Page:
Is Christianity sexist?

AgnosticBoy

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The Bible is clearly patriarchal. Husbands are to rule over their wives. Only men can occupy leadership positions. Fast-forward to modern day Western culture, we find women having equal rights, occupying leadership roles, and doing many of the same roles that husband would do in a marriage. Many would say that this is the right thing to do and anything less causes harm to women.

For Debate...
Is Christianity sexist?
 
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AgnosticBoy

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Is Christianity sexist?

I have more questions than answers.

Sexism is defined as unfair treatment or prejudice on the basis of gender.

Before I label any different treatment between the genders as being sexist, I'd first want to know why there is different treatment. Why are men allowed to be leaders and not women? I'd also want to know if such treatment is inherently harmful (as in there's no good way to practice it).

I bring up these standards because there are obvious inequalities between genders, and there are good reasons for it, at times. For instance, many militaries tend to be made up of mostly men. I don't see how or why this is harmful to women, and I question if women even complain about not being able to go to war in the same numbers that men do. If anything, I'd expect this given that men, on average, are best suited (at least physically) for fighting.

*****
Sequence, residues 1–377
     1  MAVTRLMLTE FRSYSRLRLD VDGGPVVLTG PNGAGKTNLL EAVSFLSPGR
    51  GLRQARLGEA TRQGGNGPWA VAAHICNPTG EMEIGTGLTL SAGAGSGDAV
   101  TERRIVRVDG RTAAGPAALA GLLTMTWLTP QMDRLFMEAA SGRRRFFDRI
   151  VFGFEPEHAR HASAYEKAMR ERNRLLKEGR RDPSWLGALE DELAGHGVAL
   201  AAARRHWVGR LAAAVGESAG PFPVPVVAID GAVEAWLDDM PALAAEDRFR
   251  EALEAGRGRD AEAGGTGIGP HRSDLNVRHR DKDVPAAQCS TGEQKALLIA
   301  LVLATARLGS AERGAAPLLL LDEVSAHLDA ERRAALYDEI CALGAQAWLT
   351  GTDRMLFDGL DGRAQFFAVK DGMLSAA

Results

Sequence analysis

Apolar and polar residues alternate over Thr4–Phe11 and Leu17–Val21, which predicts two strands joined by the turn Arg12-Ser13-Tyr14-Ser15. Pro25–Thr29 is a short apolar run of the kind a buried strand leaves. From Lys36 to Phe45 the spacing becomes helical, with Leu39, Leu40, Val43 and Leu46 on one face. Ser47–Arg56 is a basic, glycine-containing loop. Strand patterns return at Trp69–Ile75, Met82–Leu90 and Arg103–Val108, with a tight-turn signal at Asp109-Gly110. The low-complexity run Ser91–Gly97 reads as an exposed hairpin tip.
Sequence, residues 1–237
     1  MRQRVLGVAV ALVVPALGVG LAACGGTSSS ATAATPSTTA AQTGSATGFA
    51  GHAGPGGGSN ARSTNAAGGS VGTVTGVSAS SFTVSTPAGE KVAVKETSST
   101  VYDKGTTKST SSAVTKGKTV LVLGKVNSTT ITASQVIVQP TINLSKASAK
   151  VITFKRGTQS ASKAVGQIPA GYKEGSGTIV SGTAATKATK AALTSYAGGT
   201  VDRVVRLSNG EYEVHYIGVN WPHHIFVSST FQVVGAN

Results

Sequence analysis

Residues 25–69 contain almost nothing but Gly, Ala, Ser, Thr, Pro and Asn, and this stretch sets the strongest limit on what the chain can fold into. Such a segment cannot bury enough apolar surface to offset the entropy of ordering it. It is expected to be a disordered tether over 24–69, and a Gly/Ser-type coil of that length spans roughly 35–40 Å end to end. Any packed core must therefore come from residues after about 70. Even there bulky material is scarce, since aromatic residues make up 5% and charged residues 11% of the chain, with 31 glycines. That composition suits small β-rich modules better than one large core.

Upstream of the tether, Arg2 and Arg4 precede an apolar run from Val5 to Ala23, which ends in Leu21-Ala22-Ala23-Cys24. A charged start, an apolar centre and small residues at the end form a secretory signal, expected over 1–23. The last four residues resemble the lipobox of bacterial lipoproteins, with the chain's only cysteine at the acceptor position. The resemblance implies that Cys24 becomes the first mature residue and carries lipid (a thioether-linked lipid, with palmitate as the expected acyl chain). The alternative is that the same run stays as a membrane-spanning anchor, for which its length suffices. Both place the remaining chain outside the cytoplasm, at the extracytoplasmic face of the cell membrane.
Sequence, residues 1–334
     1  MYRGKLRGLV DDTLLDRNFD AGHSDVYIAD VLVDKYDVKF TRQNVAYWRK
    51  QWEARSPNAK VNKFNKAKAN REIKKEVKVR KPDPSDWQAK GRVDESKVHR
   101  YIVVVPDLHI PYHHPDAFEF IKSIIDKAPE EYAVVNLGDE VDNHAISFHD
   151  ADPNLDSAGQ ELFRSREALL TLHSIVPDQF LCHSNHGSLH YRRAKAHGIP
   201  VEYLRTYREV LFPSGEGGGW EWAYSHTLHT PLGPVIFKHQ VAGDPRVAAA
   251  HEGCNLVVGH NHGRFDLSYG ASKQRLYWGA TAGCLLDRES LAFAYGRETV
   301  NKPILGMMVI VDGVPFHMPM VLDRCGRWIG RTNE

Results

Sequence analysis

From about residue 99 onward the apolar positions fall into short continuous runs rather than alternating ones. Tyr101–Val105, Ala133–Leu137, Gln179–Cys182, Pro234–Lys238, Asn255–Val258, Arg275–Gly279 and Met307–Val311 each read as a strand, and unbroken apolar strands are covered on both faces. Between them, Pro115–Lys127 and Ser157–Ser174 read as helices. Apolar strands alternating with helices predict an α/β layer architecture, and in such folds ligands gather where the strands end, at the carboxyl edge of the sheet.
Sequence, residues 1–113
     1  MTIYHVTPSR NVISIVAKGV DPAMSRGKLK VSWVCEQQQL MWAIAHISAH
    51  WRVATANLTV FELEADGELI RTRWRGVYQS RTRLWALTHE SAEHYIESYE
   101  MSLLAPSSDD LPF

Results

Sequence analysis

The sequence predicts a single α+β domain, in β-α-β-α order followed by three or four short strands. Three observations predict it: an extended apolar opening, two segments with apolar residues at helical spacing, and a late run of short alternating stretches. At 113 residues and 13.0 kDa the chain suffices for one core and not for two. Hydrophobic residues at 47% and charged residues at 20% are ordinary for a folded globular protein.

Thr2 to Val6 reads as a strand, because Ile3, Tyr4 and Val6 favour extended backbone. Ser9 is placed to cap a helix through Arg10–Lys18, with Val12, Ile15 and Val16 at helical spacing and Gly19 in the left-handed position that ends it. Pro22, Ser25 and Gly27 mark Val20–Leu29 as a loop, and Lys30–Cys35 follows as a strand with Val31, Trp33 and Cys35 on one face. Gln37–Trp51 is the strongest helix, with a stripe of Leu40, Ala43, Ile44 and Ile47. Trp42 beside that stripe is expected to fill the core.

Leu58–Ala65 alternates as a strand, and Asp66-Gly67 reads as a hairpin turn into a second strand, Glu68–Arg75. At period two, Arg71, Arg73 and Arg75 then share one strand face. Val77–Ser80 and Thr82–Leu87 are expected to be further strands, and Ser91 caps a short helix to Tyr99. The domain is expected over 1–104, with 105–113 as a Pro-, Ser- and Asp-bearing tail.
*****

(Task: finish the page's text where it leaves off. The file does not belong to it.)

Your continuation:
Now when it comes to inequalities in education, then I see obvious harm. Limiting someone's education limits their options in life when it comes to jobs/career, managing money, solving life problems, engaging in safe/healthy practices, etc. What good reason would we have for any gender to have to go through this?
 

TracyRN

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Is Christianity sexist?
God never said that women are inferior. I have not found anything in the Church's official teachings that says that women are inferior. Of course you will find many passages and Christians of the past that thought otherwise but that was due to the culture of the time.

I can go into this more on Friday!
 

AgnosticBoy

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1 Timothy 2:12 shows one of the clearest examples.
"I do not permit a woman to teach or to have authority over a man; she must be silent." (NIV)

The first impression that most would get from this verse is that it's sexist. Perhaps that's the only valid understanding. Saying words like "permit" and "remain silent" are consistent with women having a lesser role. I know there are other passages that someone can bring up that seem to show some equality between men and women, but then that shows a contradiction with 1 Tim. 2:12. To show that it's not a contradiction would take reconciling 1 Timothy 2:12 with other passages that show fairness in how the two genders are treated.

Edit:
And here's some evidence that some Christians would bring up to show that Christianity is not sexist:
Galatians 3: 26–28
“26 You are all, in fact, sons of God through your faith in Christ Jesus. 27 For all of you who were baptized into Christ have put on Christ. 28 There is neither Jew nor Greek, there is neither slave nor freeman, there is neither male nor female, for you are all one in union with Christ Jesus.”

But again, these passages must be reconciled with 1 Timothy 2:12. Just ignoring 1 Timothy 2:12 leaves room for doubt regarding the Christian position on gender equality.
 
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TracyRN